•He heads the KICD education media directorate.
•He said it would be hard for Kenya to become an industrialized economy unless Kenyans fully embraced CBC.
Kenya Institute of Curriculum Development official John Kimotho has defended the Competency-Based Curriculum saying it is cost-effective and should be embraced by all.
Kimotho dismissed the misplace and misguided claims that CBC was expensive to implement saying it was the easiest system to run.
He heads the KICD education media directorate.
Kimotho said CBC was timely and will spur socio-economic development in Kenya to make the learners agents of production.
The official spoke on Saturday when he accompanied KICD head of finance department Solomon Kathuo for a traditional ceremony at Katuuni village, Mwingi North in Kitui.
He said it would be hard for Kenya to become an industrialized economy unless Kenyans fully embraced CBC and the knowledge acquired made a factor of productivity to bring about social-economic development.
“CBC is the easiest education system to implement because schools are there and curriculum support materials such as books are already provided,” Kimotho said.
He said suggested practical learning experiences which people take to be costly, are meant to be contextualized to any community set-up and environment.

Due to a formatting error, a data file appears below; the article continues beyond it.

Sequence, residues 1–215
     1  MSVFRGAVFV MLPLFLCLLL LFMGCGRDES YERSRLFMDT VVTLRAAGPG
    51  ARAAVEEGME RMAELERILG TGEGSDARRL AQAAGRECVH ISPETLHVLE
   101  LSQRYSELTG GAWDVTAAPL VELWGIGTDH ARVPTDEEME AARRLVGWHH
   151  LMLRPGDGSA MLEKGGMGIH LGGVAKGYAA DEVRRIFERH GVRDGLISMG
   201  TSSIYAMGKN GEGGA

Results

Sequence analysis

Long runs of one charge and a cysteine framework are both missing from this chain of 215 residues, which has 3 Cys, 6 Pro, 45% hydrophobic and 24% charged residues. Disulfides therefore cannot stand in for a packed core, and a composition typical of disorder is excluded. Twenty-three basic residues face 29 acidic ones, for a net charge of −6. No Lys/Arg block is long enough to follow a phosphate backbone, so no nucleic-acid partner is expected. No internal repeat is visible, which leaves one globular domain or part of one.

“Cost on parents is not difficult. Specific learning institutions should have learning experiences that are contextualized to your areas and have activities that may be carried out with available resources,” Kimotho said.
He said there was a need to improvise so that when learners in the city use materials from shops for modelling, those in the rural areas should look for clay and mud and the modelling learning experience will be the same.
The official said as CBC learners in the city use gas to cook those in the rural areas should use firewood and the ultimate goal will be the same.
“Therefore by contextualizing and using resources within specific catchment areas for the learning experience, we are not only making it easy for CBC but making our learners know how to solve problems, be creative and able to think about their future,” Kimotho said.
“CBC was essentially transforming and bringing in competencies of critical thinking collaboration, imagination, innovation and problem-solving among learners.”
He said the problem-solving competency coupled with creativity would transform society for the better.
Edited by Kiilu Damaris